Funder: Administration for Community Living (ACL)
NIEJI began in 2011 to address the lack of culturally appropriate information and community education materials on elder abuse in Indian Country. NIEJI's focus addresses the various types of elder abuse and provides technical assistance for the development of model tribal codes on elder abuse. NIEJI also works on the implementation of programs to address elder abuse and prevention.
National Institute of Mental Health (NIMH) Outreach
Funder: National Institutes of Health
The CRH is the NIMH Outreach Partner for North Dakota. Through this partnership, CRH provides free publications on various mental health topics. The Outreach Partnership also provides access to information on participating in clinical trials through NIMH.
This Innovation Grant expands the scope of NIEJI to provide mini-grants to American Indian tribes, Alaskan villages, and Hawaiian homesteads to focus on awareness, elder abuse policy development, and infrastructure building for reporting, investigation, and intervention for indigenous elders. It also implements the collection of indigenous elder abuse data through the Title VI programs with a tribally based participatory research model. The data is given back to each tribe participating for use in grant development and tribal planning, and the aggregate data will be provided to policymakers and researchers. The final piece involves completing an online educational component for professionals working with indigenous elders in Indian Country to identify, report, and develop elder abuse policies and procedures and participate in interdisciplinary elder protection teams.
North Dakota Brain Injury Network (NDBIN)
NDBIN provides information and support to people with brain injury and their family members.
North Dakota Primary Care Office (PCO)
Funder: North Dakota Department of Health
The PCO's mission is to improve primary care service delivery and workforce availability.
Funder: SAMHSA administered through NDDHS
Through Project ECHO, the CRH is developing a broad, flexible continuum of care delivery designed specifically to treat opioid use disorders, offering both medication assisted and psychosocial treatments.
Rural Community Opioid Response Program: Planning
Funder: Federal Office of Rural Health Policy
The CRH is working with consortium members in North Dakota to develop and strengthen multi-sector collaborations that will lead to targeted interventions addressing specific opioid use disorder prevention, treatment, or recovery needs in high-risk rural North Dakota communities.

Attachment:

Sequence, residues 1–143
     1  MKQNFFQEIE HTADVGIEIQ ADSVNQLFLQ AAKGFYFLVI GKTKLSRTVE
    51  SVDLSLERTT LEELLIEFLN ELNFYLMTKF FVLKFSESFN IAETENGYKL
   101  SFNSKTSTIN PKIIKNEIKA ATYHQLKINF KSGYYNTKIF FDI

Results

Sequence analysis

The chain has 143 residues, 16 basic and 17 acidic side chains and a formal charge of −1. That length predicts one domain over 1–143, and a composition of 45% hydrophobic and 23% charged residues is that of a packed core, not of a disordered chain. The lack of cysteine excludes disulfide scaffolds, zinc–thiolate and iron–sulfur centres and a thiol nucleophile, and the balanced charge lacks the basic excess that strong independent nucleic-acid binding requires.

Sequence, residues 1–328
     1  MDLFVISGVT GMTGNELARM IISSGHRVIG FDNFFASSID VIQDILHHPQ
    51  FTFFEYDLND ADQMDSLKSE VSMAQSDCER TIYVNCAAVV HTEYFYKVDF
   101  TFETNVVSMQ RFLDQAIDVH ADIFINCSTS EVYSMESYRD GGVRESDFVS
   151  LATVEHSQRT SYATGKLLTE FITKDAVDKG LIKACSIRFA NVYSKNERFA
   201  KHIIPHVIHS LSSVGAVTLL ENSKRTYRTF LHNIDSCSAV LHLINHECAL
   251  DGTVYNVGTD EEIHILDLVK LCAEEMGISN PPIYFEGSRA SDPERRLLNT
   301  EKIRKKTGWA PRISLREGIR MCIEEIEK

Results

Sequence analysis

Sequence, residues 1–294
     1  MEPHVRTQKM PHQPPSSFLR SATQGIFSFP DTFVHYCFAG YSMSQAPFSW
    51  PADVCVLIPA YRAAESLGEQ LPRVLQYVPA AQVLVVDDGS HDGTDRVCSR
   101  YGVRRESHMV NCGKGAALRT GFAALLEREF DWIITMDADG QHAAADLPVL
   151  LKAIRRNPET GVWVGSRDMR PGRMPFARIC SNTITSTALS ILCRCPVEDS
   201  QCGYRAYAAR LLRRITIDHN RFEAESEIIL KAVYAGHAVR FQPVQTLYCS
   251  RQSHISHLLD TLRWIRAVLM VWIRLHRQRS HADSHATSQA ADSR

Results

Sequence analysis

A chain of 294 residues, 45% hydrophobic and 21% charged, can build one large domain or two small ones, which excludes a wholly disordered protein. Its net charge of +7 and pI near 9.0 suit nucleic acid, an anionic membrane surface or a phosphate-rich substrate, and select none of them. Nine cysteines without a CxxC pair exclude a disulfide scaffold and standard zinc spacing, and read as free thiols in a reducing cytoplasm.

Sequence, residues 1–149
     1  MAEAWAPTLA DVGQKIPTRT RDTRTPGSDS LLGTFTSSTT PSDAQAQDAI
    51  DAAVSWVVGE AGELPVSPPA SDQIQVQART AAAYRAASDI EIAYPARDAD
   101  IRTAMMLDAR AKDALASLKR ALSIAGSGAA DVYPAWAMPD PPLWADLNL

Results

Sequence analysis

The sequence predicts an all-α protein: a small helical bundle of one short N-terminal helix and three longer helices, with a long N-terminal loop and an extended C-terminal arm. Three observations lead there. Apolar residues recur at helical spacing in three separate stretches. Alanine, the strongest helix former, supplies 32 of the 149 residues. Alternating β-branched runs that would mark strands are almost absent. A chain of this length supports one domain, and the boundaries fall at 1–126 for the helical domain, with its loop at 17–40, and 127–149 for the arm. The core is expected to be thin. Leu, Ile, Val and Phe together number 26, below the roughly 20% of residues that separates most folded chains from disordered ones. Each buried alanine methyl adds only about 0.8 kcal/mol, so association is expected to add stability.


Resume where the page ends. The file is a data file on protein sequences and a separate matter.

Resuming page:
Epidemiological Outcomes Workgroup (SEOW)
Founded in 2006 by the NDDHS' Behavioral Health Division, SEOW's purpose is to identify, analyze, and communicate key substance abuse and related behavioral health data to guide programs, policies, and practices. The CRH develops the State Epidemiological Profile and provides ongoing consultation and support for the SEOW.
Yeya: The Hope Project
Funder: Sanford Research - Collaborative Research Center for American Indian Health
This pilot research grant works in partnership with Oglala Sioux Lakota Housing to conduct focus groups with Lakota youth and develop creative projects about what gives them hope. The data from this project will be used to develop suicide prevention programs, provide hope to Lakota youth, and determine culturally specific causes of hopefulness.
As evidenced by the breadth of these projects, CRH staff possesses a wide range of skills to help with behavioral health issues in the state, including assessment and research, evaluation, planning, information dissemination, technology, and program development.
We don't believe we have all the answers, but we do believe we have the skills and ability to work with others, particularly people in rural areas, to develop viable solutions.
"All of these are capacities we apply through our behavioral health efforts," Gibbens said. "We don't believe we have all the answers, but we do believe we have the skills and ability to work with others, particularly people in rural areas, to develop viable solutions. After 39 years of working directly in the rural arena, we understand rural communities and providers. Rural is a different environment than urban, and our history and experience relies on building rural community capacity and transmitting skills."
And everything comes back to caring about rural communities.
"The reason for this growth [in behavioral health programs] is there is simply a lot of need," Gibbens said. "We are interested in helping."